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Henningsen: Slowing Down Consolidation

As they consider the current house bill mandating school district consolidation many Vermonters seem wary of both intended and unintended consequences. They’re right.Overwhelmed by details and under intense pressure to deliver, policy planners often forget that today’s solution can be tomorrow’s problem. Look at Maine. While it’s been somewhat successful, Maine’s overall school consolidation effort was messy, with fewer savings than anticipated and unexpected new costs, particularly in administration. A number of districts forced into shotgun weddings are now seeking divorce. Maine and New Hampshire both offer painful lessons in how towns used to having a say in school affairs are silenced when oversight shifts to a district board. All stakeholders agree that any new consolidation policy will have enormous economic and social repercussions. We should explore them before acting.

There’s no universal solution. Mergers that benefit high-schoolers through access to a wider variety of courses and more advanced offerings, won’t necessarily help six-year olds, who thrive in smaller schools with more individual attention and support.

And we shouldn’t accept cost estimates at face value. Practical experience suggests that any proposed solution will save less than predicted and cost more.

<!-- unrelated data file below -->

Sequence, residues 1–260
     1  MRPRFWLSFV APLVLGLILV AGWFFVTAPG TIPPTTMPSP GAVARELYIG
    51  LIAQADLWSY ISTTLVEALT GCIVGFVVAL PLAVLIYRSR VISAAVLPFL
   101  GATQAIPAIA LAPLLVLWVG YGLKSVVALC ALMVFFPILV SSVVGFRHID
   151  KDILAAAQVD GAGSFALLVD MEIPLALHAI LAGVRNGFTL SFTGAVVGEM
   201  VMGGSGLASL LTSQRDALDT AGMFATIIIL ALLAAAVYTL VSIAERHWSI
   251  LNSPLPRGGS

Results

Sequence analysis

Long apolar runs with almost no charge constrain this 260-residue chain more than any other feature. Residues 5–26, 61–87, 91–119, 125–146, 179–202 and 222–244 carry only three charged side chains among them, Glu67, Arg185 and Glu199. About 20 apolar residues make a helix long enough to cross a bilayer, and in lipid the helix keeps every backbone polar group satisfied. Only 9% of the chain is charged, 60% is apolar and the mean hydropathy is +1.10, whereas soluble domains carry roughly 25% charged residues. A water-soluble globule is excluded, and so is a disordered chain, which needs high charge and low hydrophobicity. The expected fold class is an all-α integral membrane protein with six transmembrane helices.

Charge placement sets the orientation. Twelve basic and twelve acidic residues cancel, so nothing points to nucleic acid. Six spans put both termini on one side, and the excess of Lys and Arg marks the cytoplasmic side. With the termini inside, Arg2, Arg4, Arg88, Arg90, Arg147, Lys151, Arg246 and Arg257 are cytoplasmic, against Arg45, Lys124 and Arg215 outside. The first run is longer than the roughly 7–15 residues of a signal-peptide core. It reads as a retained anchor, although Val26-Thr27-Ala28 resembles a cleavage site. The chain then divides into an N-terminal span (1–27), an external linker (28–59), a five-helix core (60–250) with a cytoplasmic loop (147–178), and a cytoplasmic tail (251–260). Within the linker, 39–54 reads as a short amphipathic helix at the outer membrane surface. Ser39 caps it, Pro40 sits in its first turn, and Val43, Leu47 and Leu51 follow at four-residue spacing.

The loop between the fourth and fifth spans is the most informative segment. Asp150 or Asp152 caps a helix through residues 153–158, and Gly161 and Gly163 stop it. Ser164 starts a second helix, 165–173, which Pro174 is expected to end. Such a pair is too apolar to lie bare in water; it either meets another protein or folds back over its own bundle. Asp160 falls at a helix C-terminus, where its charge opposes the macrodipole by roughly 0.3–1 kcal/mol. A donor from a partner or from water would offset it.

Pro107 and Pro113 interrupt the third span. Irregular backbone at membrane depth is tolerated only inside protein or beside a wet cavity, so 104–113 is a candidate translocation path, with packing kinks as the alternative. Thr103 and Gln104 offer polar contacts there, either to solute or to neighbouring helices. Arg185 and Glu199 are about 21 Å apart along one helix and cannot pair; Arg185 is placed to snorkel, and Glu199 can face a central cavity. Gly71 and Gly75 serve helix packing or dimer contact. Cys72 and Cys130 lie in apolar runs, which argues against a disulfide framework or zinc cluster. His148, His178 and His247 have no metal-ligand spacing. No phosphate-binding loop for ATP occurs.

Legislative debates and intense media scrutiny have focused Vermonters’ attention on this issue. That’s good. Unless a majority feels part of the decision, there won’t be the public buy-in needed for implementation. But it’s not there yet.

As the legislature faces mounting opposition and potential non-compliance, I hope lawmakers will continue to consider creative compromise instead of confrontation. Eliminate mandates that smack of one-size-fits all. Keep spending caps. Give towns and districts time to devise possible combinations that will work locally. Review the Maine experience more thoroughly, if only to be clear on what to avoid. Most of all, pay attention to our youngest students. Educational research stresses the value of investment in early childhood education so any new policy should give local districts flexibility to be creative with primary education. But make it clear that if we can’t come up with anything in two years, the Legislature will mandate its own solution.

We know Vermont’s educational status quo is unsustainable, but we’re rightly leery of top-down solutions. Given the chance, Vermonters have been imaginative in solving problems of all kinds. Why should this be any different?

Vic Henningsen is a teacher and historian.
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